The IFCPC TZ classification was primarily developed to improve colposcopy reporting and to define the type of excisional therapy (generally LLETZ) indicated in cases of precancerous lesions . Current diagnostic procedures of colposcopy in high-income countries are cervical biopsy in cases of TZ1 or TZ2 and endocervical curettage (ECC) for TZ3 to obtain fragments of squamous epithelium from inside the cervical canal. However, in low-resource settings, these procedures (colposcopy, biopsy, LLETZ) are not readily available most of the time and are not feasible in a “screen-and-treat” approach, requiring a multi-visit approach with referral for further evaluation.
Reducing the number of clinical visits is a strategy recommended by the WHO in LMICs because it increases compliance and follow-up while reducing program costs . In this context, the endorsed TZ classification by the WHO should help clinicians to determine which patients can be safely evaluated with VIA and treated by ablation, and those who are inadequately evaluated by VIA and require referral for additional management [2, 19]. The TZ3 prevalence observed in our population was 26.6% (Table 4, first round), indicating that a significant number of women may require referral and additional investigation. In the literature from high-income countries, a great variation in TZ3 prevalence was reported, ranging between 16.3 and 80% [17,18,19]. In low-resource contexts, the front-line provider’s decision to refer women with TZ3, has important consequences for both the women and the health care system, with notable impacts on logistics and service delivery, as this requires additional time, equipment, financial resources, and transportation.
Strengths and limitations
The main limitation of this study is that the observers were aware that their interpretations were not used for clinical decision-making; therefore, the results may not fully reflect real-life practice.
There are also some strengths to highlight. In this study, the cases were not selected other than for image quality. Images were presented in a consecutive order, with cases corresponding to a real-life distribution of TZ types in a routine screening setting. Furthermore, the TZ interpretation was performed by international experts with extensive experience in VIA.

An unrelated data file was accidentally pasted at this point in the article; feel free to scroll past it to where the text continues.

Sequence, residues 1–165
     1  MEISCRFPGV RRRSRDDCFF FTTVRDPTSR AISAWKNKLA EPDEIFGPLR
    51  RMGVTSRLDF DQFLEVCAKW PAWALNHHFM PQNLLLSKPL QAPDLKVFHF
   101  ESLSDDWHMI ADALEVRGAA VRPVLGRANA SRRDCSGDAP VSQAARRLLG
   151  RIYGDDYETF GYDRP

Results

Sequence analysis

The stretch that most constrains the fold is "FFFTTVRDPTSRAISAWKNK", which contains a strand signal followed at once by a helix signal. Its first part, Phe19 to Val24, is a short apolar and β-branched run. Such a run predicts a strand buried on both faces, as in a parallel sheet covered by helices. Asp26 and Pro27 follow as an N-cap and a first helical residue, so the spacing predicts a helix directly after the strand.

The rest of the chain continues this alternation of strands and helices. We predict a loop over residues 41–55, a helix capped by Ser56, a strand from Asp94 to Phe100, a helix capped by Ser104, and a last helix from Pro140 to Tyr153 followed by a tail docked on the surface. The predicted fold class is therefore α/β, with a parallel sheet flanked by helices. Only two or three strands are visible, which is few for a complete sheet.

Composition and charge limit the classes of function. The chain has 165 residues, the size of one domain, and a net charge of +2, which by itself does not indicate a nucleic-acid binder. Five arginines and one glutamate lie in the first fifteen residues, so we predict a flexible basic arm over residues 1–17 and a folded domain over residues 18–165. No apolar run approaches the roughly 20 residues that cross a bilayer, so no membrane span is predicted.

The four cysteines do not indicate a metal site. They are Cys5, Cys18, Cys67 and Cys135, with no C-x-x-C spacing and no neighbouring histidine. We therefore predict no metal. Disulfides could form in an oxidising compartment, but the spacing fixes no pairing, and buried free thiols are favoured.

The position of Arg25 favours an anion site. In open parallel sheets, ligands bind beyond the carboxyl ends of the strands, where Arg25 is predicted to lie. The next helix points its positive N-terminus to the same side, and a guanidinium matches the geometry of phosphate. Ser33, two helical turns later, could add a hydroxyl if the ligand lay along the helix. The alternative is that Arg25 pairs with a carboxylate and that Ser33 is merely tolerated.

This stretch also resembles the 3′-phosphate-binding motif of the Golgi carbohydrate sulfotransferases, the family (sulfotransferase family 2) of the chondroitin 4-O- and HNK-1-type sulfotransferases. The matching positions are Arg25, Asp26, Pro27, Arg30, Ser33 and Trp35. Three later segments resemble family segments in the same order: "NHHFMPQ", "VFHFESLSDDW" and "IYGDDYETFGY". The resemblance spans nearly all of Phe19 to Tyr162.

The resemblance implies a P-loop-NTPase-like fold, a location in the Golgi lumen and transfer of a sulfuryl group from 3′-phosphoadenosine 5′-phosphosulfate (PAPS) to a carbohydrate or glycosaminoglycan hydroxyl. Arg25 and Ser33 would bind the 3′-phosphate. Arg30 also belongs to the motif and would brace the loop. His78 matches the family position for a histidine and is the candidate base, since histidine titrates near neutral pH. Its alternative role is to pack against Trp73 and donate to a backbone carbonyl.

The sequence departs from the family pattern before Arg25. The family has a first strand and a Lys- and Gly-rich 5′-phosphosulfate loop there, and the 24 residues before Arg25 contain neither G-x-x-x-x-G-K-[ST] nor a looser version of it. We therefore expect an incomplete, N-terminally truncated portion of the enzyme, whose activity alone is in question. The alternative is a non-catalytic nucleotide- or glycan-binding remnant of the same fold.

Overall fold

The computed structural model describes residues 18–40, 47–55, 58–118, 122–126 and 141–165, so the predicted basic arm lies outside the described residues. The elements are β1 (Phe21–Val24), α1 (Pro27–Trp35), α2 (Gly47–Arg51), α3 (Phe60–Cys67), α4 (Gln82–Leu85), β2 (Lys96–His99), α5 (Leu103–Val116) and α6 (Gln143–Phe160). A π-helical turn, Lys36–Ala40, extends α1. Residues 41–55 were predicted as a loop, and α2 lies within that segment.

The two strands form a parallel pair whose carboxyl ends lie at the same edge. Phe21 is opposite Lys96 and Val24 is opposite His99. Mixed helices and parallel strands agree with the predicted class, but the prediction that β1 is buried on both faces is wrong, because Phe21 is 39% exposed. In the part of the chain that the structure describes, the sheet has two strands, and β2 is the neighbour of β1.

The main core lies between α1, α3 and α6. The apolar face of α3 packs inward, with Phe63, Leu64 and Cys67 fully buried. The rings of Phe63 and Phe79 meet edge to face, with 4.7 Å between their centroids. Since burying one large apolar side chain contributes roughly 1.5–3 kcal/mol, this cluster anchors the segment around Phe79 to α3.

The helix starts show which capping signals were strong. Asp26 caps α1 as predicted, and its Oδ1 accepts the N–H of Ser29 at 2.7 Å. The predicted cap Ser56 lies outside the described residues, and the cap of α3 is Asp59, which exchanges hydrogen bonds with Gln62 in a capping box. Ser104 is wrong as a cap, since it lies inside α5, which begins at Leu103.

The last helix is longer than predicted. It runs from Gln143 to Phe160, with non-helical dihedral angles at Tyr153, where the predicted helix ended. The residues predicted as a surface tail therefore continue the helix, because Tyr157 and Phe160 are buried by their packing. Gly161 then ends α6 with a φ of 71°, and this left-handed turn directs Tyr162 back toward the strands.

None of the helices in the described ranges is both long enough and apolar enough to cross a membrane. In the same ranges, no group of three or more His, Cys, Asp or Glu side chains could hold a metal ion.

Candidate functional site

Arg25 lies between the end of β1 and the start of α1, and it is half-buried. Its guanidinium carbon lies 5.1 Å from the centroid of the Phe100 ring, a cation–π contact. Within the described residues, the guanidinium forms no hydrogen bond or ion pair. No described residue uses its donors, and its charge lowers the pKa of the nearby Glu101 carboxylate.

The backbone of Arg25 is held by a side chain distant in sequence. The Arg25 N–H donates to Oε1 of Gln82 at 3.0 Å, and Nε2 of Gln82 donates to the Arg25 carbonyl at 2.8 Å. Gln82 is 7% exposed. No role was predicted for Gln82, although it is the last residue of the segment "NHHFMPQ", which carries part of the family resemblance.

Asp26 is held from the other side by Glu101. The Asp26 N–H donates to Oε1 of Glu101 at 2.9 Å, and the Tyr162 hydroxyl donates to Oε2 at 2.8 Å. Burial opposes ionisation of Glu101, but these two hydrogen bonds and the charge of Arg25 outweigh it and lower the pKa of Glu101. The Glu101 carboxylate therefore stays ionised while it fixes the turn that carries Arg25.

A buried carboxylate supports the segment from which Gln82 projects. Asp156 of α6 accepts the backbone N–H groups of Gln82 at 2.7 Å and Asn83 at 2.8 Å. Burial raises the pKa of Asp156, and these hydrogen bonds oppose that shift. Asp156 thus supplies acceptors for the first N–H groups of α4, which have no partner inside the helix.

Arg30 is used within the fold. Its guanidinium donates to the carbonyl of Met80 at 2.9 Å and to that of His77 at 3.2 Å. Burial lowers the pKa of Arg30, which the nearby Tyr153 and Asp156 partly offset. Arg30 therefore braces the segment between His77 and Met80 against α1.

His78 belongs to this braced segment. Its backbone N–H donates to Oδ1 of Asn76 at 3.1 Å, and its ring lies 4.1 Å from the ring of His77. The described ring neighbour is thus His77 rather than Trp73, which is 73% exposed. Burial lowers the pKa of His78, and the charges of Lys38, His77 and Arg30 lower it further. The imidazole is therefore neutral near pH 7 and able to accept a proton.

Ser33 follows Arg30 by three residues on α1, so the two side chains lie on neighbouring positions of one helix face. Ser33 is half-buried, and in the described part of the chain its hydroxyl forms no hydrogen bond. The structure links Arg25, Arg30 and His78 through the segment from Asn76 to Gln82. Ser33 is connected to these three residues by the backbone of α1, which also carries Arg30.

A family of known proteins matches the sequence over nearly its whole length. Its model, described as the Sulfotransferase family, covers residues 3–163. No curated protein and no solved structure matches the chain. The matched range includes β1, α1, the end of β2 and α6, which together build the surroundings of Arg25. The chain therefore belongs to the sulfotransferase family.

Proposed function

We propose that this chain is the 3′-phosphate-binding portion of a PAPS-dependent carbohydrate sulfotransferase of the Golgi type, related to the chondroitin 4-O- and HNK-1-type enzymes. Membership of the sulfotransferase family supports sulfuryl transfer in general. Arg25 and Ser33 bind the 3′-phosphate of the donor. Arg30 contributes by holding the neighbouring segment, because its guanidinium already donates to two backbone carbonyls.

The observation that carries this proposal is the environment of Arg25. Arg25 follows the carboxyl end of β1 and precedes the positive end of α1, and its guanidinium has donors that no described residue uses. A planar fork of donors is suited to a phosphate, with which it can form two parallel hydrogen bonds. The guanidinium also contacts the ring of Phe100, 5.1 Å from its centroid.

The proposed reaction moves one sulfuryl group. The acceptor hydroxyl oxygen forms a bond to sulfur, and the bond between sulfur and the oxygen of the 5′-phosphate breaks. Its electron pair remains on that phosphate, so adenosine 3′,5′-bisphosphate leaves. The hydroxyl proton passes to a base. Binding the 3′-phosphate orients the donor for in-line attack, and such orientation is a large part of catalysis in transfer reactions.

Practical and research recommendations
Considering the heterogeneity of TZ interpretation and its consequences on patient management, the importance of long-term follow-up of HPV-positive patients should be emphasized to make up for potentially missed diagnoses or inappropriate treatment. These considerations should be integrated in the initial and continuous training of health care providers practicing VIA and treatment of precancerous cervical lesions.
Further investigations to optimise the management of TZ3 in low-resource contexts as well as to reduce the variability in TZ3 interpretation should be explored. Investigation of surrogate markers that may help to stratify the risk of HPV-positive women with TZ3 and determine who can be safely offered conservative management should be pursued. In addition, recent development of an artificial intelligence algorithm might assist front-line providers, not only in the detection of precancerous lesions, but also to define participants who are eligible for treatment .
The variability in inter- and intra-observer agreement between VIA specialists suggests that the reliability of TZ interpretation is limited in the context of VIA and therefore it’s integration in treatment recommendations should be used with caution. Implementation of TZ interpretation in resource-limited contexts has important logistical and operational implications because a significant number of participants with TZ3 require a multi-visit approach due to referral for further evaluation.
Availability of data and materials
The datasets used and/or analyzed during the current study are available from the corresponding author on reasonable request. In accordance with the journal’s guidelines, we will provide our data for the reproducibility of this study if such is requested.
Transformation zone type 1
Transformation zone type 2
Transformation zone type 3